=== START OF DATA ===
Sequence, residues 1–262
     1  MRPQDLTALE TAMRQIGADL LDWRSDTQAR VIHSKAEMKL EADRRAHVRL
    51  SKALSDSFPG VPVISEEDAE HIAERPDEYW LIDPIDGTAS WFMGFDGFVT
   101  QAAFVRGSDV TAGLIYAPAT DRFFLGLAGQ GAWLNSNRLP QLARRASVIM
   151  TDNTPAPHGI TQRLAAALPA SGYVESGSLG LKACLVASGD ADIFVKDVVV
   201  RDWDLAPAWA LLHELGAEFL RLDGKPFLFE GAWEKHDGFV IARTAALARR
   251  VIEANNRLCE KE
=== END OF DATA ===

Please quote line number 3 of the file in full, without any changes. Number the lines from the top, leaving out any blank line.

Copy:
    51  SKALSDSFPG VPVISEEDAE HIAERPDEYW LIDPIDGTAS WFMGFDGFVT